Early childhood education and care : parent conceptions of ECEC services and choice of services
Noble, Karen (2005) Early childhood education and care : parent conceptions of ECEC services and choice of services. PhD thesis, Queensland University of Technology.
This study details a phenomenographic and grounded theory investigation aimed at generating new knowledge of an under-researched area, namely that of parental choice of early childhood education and care services. Given the complexity and range of choice of early childhood services, and the diversity of family situations, research eliciting parent conceptions of their choices of early childhood services is both necessary and timely. Findings from this study may be used to inform early childhood professionals by expanding their awareness of the variation that exists in the way that parents conceptualise early childhood services and make choices for young children. This study addresses both the dilemmas of individual parents in conceptualising and choosing services for their children and the implications of their individual decisions in aggregate.
Single in-depth, semi-structured interviews were conducted with 23 parents from the local area of Boyne Island, Central Queensland, Australia. The sample of parents comprised mothers only, although mothers and fathers were invited initially to join the study. The parents were drawn from the four local early childhood education and care (ECEC) services that operate in this area. In the first stage of the analysis, a phenomenographic framework was used to develop an outcome space to describe the eight parent conceptions of ECEC services. These categories describe the way parents see ECEC services as:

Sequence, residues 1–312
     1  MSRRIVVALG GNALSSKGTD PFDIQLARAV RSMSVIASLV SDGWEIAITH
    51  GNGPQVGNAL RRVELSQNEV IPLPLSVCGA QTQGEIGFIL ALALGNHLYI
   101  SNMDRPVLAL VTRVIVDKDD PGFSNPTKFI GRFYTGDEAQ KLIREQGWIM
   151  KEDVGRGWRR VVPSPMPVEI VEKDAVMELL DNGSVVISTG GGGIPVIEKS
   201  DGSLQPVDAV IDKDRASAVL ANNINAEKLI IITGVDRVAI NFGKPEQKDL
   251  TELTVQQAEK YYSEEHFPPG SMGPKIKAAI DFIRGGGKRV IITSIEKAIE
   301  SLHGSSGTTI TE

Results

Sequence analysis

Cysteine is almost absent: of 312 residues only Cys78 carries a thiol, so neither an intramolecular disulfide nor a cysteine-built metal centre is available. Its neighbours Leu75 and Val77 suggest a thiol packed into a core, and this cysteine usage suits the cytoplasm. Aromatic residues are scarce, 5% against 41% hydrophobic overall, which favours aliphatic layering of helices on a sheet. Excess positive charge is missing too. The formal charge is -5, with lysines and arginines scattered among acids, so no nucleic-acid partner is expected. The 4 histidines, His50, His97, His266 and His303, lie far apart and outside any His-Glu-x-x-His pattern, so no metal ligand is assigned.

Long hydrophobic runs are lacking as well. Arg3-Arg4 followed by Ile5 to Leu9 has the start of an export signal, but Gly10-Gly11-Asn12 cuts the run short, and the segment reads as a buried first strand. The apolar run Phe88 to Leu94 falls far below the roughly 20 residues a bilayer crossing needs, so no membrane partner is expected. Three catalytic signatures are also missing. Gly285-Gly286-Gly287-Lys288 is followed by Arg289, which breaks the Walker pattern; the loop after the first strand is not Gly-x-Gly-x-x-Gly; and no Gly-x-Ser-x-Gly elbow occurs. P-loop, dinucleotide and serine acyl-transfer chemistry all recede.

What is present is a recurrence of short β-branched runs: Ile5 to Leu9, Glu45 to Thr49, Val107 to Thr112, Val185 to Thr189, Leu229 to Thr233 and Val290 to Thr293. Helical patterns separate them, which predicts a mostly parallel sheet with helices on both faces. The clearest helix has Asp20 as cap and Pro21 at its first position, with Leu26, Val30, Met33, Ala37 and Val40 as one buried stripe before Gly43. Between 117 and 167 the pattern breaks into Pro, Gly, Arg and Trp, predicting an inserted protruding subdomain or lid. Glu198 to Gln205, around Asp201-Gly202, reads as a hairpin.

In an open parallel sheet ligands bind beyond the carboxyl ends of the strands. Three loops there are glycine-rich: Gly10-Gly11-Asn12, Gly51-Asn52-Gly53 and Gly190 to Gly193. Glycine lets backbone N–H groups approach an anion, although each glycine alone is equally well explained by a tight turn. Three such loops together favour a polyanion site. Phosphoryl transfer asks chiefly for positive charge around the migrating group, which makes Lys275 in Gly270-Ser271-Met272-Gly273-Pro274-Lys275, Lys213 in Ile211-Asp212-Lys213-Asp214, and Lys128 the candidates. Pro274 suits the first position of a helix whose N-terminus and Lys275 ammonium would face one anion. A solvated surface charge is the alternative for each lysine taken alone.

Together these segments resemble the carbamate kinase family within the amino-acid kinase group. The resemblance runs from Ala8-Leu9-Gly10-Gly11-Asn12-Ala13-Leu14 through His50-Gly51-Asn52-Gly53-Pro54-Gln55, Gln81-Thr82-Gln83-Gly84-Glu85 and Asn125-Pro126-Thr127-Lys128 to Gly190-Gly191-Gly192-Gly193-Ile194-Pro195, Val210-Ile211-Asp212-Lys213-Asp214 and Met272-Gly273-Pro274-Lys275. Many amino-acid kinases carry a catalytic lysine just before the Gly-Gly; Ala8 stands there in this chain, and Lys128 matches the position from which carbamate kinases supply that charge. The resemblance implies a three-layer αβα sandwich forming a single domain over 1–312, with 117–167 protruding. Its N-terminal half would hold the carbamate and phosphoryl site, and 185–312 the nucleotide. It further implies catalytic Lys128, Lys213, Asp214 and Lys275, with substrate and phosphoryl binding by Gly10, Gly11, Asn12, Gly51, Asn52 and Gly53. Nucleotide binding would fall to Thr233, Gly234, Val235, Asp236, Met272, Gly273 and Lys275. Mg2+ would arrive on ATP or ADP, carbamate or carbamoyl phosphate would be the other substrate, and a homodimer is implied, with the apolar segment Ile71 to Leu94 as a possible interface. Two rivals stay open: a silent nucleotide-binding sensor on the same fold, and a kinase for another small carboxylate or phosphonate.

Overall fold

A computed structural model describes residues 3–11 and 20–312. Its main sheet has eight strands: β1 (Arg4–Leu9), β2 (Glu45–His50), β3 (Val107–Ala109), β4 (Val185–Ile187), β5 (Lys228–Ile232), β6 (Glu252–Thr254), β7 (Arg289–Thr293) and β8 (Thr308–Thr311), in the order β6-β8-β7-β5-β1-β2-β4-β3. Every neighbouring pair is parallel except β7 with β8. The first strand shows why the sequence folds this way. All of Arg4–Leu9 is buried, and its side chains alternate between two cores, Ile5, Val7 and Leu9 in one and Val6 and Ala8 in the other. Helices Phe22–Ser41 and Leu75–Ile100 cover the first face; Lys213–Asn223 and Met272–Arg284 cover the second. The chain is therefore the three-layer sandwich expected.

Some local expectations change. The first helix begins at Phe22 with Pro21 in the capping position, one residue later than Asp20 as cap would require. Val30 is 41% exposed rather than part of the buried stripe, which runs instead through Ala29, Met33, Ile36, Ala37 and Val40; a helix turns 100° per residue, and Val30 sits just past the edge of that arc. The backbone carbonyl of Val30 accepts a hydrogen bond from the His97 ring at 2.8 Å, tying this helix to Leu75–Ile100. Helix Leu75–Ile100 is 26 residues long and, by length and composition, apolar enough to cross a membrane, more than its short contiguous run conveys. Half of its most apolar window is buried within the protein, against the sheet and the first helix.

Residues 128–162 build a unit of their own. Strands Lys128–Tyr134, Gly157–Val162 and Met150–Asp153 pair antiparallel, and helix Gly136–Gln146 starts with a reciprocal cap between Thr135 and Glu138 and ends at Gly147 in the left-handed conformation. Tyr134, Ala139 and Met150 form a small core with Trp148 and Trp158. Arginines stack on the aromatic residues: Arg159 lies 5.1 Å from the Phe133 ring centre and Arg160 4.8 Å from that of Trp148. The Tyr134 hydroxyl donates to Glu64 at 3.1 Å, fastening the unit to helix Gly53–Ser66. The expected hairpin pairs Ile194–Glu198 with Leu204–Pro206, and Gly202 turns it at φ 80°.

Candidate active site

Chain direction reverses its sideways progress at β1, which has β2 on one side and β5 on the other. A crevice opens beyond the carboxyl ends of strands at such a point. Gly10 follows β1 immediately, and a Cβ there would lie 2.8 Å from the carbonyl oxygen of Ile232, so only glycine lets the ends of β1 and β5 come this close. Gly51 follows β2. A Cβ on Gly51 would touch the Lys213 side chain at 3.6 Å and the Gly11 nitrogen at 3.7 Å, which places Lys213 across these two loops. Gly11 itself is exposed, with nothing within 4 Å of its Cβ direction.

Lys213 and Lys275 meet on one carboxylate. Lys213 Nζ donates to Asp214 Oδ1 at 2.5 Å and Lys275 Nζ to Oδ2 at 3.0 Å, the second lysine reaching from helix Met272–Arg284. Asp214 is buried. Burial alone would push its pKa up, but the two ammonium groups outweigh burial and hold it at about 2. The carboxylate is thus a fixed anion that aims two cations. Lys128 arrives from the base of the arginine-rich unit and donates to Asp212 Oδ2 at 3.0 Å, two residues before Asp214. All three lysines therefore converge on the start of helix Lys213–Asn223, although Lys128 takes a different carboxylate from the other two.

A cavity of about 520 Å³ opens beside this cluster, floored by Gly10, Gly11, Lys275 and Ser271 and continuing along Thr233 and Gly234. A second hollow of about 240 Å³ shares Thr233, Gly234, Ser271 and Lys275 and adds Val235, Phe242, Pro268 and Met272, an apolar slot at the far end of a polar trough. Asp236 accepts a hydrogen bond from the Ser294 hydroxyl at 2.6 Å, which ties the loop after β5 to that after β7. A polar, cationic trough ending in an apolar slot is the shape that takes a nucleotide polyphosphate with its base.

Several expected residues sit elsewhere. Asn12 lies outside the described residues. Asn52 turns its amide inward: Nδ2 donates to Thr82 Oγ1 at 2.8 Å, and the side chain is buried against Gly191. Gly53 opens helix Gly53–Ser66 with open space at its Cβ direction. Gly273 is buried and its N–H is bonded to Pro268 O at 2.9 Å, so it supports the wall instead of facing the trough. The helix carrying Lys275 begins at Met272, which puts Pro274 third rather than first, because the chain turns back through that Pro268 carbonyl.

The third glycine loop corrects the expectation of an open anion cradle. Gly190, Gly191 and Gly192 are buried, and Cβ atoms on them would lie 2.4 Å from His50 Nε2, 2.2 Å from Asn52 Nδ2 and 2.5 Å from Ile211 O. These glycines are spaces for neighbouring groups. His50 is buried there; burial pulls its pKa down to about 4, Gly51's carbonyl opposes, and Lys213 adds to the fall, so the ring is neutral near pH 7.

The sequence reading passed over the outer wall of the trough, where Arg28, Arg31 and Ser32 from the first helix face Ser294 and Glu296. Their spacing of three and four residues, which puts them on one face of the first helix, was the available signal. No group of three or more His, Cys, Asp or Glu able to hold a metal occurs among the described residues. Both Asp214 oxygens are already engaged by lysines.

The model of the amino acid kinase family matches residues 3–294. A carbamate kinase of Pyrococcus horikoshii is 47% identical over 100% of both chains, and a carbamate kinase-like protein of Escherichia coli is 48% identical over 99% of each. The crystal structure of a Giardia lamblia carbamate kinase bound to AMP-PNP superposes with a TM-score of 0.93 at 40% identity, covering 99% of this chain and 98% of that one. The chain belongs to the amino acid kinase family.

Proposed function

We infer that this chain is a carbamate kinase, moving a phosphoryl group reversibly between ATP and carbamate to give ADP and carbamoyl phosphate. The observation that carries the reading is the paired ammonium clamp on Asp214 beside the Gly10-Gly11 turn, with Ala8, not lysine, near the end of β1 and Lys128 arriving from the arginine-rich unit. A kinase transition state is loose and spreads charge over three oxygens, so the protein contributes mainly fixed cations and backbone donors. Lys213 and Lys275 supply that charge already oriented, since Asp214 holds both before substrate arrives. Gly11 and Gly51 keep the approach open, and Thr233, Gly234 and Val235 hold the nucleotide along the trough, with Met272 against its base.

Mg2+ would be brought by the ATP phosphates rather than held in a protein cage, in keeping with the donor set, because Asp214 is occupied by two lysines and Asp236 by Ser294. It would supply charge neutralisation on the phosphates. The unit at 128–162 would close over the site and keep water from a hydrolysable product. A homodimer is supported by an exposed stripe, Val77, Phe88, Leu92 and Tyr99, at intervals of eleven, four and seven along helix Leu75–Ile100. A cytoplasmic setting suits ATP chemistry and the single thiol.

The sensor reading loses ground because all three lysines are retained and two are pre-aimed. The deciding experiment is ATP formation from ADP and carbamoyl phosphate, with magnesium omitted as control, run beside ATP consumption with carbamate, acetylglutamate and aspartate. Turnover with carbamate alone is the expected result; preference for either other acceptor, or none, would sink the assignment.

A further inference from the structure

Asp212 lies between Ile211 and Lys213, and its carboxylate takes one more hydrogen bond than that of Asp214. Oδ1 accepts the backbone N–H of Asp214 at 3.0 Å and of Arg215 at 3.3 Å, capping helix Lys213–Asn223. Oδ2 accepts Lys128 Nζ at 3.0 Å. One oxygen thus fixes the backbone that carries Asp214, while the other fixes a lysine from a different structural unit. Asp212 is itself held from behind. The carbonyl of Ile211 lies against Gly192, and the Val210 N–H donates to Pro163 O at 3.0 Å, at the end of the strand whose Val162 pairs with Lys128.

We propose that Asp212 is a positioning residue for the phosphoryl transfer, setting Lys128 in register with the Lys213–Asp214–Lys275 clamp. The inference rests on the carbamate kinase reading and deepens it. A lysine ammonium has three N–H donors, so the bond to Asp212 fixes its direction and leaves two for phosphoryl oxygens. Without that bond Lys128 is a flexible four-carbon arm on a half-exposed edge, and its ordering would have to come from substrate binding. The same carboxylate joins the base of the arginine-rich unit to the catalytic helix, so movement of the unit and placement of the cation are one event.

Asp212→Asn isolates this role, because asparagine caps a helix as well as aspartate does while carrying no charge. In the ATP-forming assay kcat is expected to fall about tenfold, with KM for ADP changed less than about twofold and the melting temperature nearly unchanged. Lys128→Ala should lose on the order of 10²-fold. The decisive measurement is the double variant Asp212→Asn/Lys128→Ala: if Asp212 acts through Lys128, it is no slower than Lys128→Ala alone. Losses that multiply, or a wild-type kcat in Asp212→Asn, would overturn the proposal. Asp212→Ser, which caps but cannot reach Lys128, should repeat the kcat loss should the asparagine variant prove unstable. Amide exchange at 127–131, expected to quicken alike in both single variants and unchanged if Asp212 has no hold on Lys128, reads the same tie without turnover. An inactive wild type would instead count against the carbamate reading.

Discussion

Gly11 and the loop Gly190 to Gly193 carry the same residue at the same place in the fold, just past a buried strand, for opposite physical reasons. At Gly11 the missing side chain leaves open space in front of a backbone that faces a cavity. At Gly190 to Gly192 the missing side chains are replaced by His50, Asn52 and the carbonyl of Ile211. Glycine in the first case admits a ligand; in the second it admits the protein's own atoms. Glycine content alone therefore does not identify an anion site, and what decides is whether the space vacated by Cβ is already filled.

Safe, secure and hygienic,
Providing a routine,
Caring and nurturing,
Having trained and qualified staff,
Valuing parents and keeping them informed,
Preparing for further learning,
These eight categories of description are understood and distinguished in terms of three dimensions, those being physical, personnel and personal. The physical dimension refers to the location and availability of services catering to the needs of the family. The personnel dimension refers to how ECEC services are judged according to the personnel who work within that environment. The personal dimension refers to how the ECEC service is judged according to how the individual children and their family are catered for and responded to within the environment.
In the second stage of analysis, an orthodox grounded theory approach was used to explore how parents understood their choice of ECEC services for their young children. This later analysis found that parent choice is influenced by:
Relationship with child;
Influence of significant others;
Understandings of childhood;
Maximising the child's potential.
The grounded theory that developed as a result of this stage of analysis was that parents make complex and pragmatic choices within social contexts.
An understanding of the relationships between parent conceptions and the influences that they consider when choosing ECEC services was used to develop a model. This model demonstrates the complexities of choice of service juxtaposed with parent conceptions of ECEC services. Tensions for parents and their choice of service arose when their conceptions of ECEC services were compromised. Therefore, central to the model presented is the understanding that the ECEC services were located within a specific societal context and as such, any one, or combination of, the dimensions of conceptions of service, impact upon choice.
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|Item Type:||QUT Thesis (PhD)|
|Supervisor:||Farrell, Margaret& Boulton-Lewis, Gillian|
|Keywords:||early childhood education and care services, parent conceptions, choice, qualitative research, phenomenography, phenomenographic research, grounded theory, orthodox grounded theory|
|Department:||Faculty of Education|
|Institution:||Queensland University of Technology|
|Copyright Owner:||Copyright Karen Noble|
|Deposited On:||03 Dec 2008 13:56|
|Last Modified:||29 Oct 2011 05:43|
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